For a while now, I have been threatening to start a podcast – sharing my thoughts like a transgender Garrison Keillor in a Lake Wobegon turned on its’ head.
What has so far prevented me from doing so is not that I don’t have things to say – I have plenty. It’s not a technology issue. It’s my stupid voice.
That’s ironic isn’t it? Someone who has made a nice living with her voice for the last couple of millennia paralyzed with fear over a silly podcast?
I am SO not alone in this. Although there are many Transwomen with beautiful speaking voices, I am not yet one of them. My voice was trained for years to be anything but feminine. For Pete’s sake, I was the authoritative news image voice for Dallas News/Talk station KRLD up until the end of April 2013. My voice never gave me a problem – it provided a living
Now, it’s the bane of my existence. (Bane – causing great stress or annoyance) Let me explain a little about that.
The problem with voice is pretty much unique to those of us who are Transwomen. Our Transmen brothers, once they are on Testosterone, hear their voices drop – just like a young boy in puberty. It happens pretty quickly too. Not so for us.
Estrogen gives, but it doesn’t take away. What has been done can’t be un-done (except through medical intervention) but things can be added to or created.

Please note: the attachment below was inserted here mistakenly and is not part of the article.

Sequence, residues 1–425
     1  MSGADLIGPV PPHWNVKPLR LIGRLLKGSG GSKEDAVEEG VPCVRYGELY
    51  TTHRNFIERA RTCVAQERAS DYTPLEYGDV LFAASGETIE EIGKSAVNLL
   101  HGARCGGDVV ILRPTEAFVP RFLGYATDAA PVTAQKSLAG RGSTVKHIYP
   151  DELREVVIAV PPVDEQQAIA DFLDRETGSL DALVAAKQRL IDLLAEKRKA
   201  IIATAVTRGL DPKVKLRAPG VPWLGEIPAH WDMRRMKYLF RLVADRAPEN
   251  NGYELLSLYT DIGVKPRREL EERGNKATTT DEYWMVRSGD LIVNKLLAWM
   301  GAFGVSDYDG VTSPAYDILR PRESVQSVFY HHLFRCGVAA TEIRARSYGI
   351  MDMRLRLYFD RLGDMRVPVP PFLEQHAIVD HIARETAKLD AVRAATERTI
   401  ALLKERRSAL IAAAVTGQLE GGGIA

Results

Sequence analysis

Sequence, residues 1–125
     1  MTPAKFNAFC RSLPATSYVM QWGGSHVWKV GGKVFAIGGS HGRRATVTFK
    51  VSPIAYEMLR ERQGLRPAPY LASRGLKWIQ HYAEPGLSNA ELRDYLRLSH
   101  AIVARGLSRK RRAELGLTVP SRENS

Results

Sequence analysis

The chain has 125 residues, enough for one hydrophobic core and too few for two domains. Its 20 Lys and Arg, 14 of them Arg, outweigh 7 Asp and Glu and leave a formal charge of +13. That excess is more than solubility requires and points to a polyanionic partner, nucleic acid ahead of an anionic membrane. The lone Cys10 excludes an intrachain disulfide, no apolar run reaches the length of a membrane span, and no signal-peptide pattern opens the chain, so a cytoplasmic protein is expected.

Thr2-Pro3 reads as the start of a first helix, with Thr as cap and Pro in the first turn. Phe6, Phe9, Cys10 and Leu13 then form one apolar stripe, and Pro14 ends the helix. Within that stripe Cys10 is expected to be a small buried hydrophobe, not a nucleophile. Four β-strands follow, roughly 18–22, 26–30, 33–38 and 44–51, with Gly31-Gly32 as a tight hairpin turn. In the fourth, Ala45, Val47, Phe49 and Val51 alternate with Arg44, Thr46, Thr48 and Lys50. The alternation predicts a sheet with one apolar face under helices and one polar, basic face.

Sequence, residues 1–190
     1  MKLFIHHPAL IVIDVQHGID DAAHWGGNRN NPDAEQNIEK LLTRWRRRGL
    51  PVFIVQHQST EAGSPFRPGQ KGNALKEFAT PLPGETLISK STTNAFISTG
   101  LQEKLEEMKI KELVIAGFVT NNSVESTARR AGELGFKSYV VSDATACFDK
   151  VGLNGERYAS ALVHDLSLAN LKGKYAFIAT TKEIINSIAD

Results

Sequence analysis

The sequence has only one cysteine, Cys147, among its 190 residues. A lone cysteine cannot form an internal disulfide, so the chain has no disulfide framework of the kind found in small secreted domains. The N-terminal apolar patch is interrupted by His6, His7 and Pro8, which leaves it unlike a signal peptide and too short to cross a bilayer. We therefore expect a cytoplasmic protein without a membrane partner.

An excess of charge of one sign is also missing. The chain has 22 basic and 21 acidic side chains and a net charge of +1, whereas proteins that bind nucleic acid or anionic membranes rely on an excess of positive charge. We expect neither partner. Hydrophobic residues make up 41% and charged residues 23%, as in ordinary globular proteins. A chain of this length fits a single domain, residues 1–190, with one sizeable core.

For instance, as I’ve discussed, Estrogen can build breast tissue and it has. I’m quite happy there. It has relocated body fat to areas more consistent with a female body. My face is noticeably different, but I just can’t put my finger on how. It just is.
However, Estrogen doesn’t do a thing for my beard growth. That will continue as is until I can do something permanent to stop it. Electrolysis. Estrogen also has no affect whatsoever on my voice.
That’s a problem. Visually, I no longer have a problem being accepted as female. I probably get read once in a while by people who are paying very close attention to things like my being 6 feet tall with hands like the woman in the Seinfeld episode – “She has MAN hands!” But since I dress appropriately and seem to fit in, even if I’m being read, I’ve not had a single problem and I have always been addressed as “Miss, Ma’am, her or she.” With two exceptions:
The telephone and those drive-through speakers.
I’m doing the best I can and what I am producing now is a vast improvement over what I started with. Short of a very risky and somewhat unreliable surgical procedure, training one’s voice is the only way to change it – and with the length of the vocal chords, speaking in a higher register is difficult and tiring.
Still, even when I am feeling confident and making progress I will answer the phone and get “Good morning SIR” and that really stings. I hate it. Going through the drive-thru – I give my order and am asked, “Thank you SIR, please pull forward.” When they actually SEE me, it magically changes to “Ma’am” – and sometimes an apology.
Imagine for a moment if you are cis-gender (comfortable and in agreement with the gender you were assigned at birth) and being identified as the opposite gender and maybe even treated that way because of your voice. I mentioned this in a post a while back; it’s quite unsettling.